This from the Wall Street Journal today:

From coast to coast, plans for a new generation of coal-fired power plants are falling by the wayside as states conclude that conventional coal plants are too dirty to build and the cost of cleaner plants is too high.

If significant numbers of new coal plants don’t get built in the U.S. in coming years, it will put pressure on officials to clear the path for other power sources, including nuclear power, or trim the nation’s electricity demand, which is expected to grow 1.8% this year. In a time of rising energy costs, officials also worry about the long-term consequences of their decisions, including higher prices or the potential for shortages.

As recently as May, U.S. power companies had announced intentions to build as many as 150 new generating plants fueled by coal, which currently supplies about half the nation’s electricity. One reason for the surge of interest in coal was concern over the higher price of natural gas, which has driven up electricity prices in many places. Coal appeared capable of softening the impact since the U.S. has deep coal reserves and prices are low.

Grist thanks its sponsors. Become one.

But as plans for this fleet of new coal-powered plants move forward, an increasing number are being canceled or development slowed. Coal plants have come under fire because coal is a big source of carbon dioxide, the main gas blamed for global warming, in a time when climate change has become a hot-button political issue.

For the full text, click here (and click soon, as the WSJ only gives free access for a few days).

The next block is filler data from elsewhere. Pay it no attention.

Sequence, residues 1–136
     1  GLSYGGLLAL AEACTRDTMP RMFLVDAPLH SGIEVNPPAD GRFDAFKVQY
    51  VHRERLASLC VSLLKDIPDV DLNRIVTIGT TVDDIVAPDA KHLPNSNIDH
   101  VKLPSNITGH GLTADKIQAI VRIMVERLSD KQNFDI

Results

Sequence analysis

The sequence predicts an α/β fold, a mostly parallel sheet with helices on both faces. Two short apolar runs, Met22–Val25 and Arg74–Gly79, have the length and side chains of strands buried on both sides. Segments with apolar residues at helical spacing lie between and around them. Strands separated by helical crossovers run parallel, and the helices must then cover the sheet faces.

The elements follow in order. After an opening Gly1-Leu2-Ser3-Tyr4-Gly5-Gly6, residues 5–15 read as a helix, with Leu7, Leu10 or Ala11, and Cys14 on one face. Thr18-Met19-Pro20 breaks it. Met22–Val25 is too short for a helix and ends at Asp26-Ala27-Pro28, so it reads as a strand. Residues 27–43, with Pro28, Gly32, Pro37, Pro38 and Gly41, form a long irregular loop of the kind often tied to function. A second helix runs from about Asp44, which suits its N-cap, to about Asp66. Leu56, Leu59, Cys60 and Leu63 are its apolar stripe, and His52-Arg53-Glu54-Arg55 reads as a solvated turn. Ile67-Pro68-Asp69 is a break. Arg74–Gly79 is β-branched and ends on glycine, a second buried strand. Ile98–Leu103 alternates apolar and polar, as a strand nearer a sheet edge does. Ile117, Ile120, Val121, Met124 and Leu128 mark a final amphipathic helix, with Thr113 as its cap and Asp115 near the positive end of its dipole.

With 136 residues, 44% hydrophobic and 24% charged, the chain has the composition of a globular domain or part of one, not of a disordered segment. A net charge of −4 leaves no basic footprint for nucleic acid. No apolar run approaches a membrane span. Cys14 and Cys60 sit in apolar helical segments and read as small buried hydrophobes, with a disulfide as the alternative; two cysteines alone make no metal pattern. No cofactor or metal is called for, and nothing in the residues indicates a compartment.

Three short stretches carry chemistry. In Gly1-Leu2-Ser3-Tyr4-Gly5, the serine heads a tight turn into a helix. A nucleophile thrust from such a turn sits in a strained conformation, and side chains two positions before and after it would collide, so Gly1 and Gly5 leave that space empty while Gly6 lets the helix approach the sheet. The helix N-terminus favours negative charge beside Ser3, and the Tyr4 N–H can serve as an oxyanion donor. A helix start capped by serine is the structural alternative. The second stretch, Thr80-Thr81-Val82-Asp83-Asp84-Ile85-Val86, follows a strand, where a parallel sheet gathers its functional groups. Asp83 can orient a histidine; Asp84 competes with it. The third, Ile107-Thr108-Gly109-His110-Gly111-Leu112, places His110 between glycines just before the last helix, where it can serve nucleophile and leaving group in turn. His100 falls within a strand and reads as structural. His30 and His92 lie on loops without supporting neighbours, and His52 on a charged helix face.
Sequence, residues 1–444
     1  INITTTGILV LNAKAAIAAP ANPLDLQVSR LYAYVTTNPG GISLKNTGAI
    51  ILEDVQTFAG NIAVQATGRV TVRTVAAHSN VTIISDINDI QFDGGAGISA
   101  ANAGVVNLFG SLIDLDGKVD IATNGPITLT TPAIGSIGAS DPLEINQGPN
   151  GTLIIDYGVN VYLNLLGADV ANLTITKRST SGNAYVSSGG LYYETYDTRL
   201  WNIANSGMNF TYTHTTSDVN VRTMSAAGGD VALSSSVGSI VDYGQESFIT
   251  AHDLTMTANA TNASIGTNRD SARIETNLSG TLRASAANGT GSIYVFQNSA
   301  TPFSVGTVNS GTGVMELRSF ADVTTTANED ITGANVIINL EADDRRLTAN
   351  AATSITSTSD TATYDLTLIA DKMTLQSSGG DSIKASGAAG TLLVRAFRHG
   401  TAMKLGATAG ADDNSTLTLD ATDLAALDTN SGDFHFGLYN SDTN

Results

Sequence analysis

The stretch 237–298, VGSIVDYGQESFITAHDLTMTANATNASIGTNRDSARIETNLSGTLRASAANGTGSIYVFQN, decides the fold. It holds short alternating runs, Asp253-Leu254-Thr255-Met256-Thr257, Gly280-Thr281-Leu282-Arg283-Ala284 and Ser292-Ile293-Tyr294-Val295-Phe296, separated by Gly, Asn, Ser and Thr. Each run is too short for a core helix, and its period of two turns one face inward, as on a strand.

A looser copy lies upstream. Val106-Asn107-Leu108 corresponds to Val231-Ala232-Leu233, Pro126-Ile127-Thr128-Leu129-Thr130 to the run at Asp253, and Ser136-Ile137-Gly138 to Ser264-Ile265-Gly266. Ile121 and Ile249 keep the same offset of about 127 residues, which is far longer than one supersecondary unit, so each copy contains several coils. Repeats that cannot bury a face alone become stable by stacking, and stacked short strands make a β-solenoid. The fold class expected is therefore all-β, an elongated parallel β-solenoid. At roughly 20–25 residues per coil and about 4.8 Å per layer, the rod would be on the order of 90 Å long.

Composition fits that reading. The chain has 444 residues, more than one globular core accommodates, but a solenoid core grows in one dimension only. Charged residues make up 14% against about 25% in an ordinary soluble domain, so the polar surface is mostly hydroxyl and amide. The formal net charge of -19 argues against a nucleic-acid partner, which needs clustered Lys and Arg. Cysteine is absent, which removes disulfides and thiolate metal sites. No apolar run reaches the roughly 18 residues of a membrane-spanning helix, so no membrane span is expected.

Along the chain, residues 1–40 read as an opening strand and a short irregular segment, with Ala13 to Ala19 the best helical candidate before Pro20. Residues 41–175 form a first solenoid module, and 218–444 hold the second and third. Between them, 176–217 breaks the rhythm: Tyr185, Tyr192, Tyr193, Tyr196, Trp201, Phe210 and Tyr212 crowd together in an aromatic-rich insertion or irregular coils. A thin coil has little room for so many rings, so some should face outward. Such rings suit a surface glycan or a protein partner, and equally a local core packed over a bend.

This is more fodder in support of earlier Grist posts here and here.

It is also worth noting that — notwithstanding WSJ’s reportage — this isn’t really driven by new environmental considerations as much as by 30-year-old environmental considerations, when we effectively stopped building new coal plants but still had enough reserve margin in the system to keep increasing coal use without new construction.

Grist thanks its sponsors. Become one.

Current increases in capital costs are largely to comply with the Clean Air Act — which the old grandfathered plants were exempted from. Carbon control is clearly a big uncertainty moving forward, only likely to increase the costs further, but it is striking that we’re seeing so much price increase and uncertainty in coal-derived power even without it.

This points out a larger issue with power plant regulation. Namely, these plants last a long time. The Clean Air Act was well intended, but it took three decades for it to start to impact the use of dirty coal, by virtue of the fact that it only impacted new facilities. Compare this to new vehicle regs, where the much shorter lifetime of cars means that we can get a quicker phase-out. Thus, we can eliminate leaded gasoline quickly, but can’t really impact SOx and NOx from central plants for much longer.

This is precisely why the auction vs. allocation issue is so important for greenhouse-gas control. Every carbon cap-and-trade system that grandfathers in the old plants’ right to pollute (witness Kyoto & RGGI as examples thereof) is going to face similar delays in carbon reduction — delays that we cannot afford.

Reader support helps sustain our work. Donate today to keep our climate news free.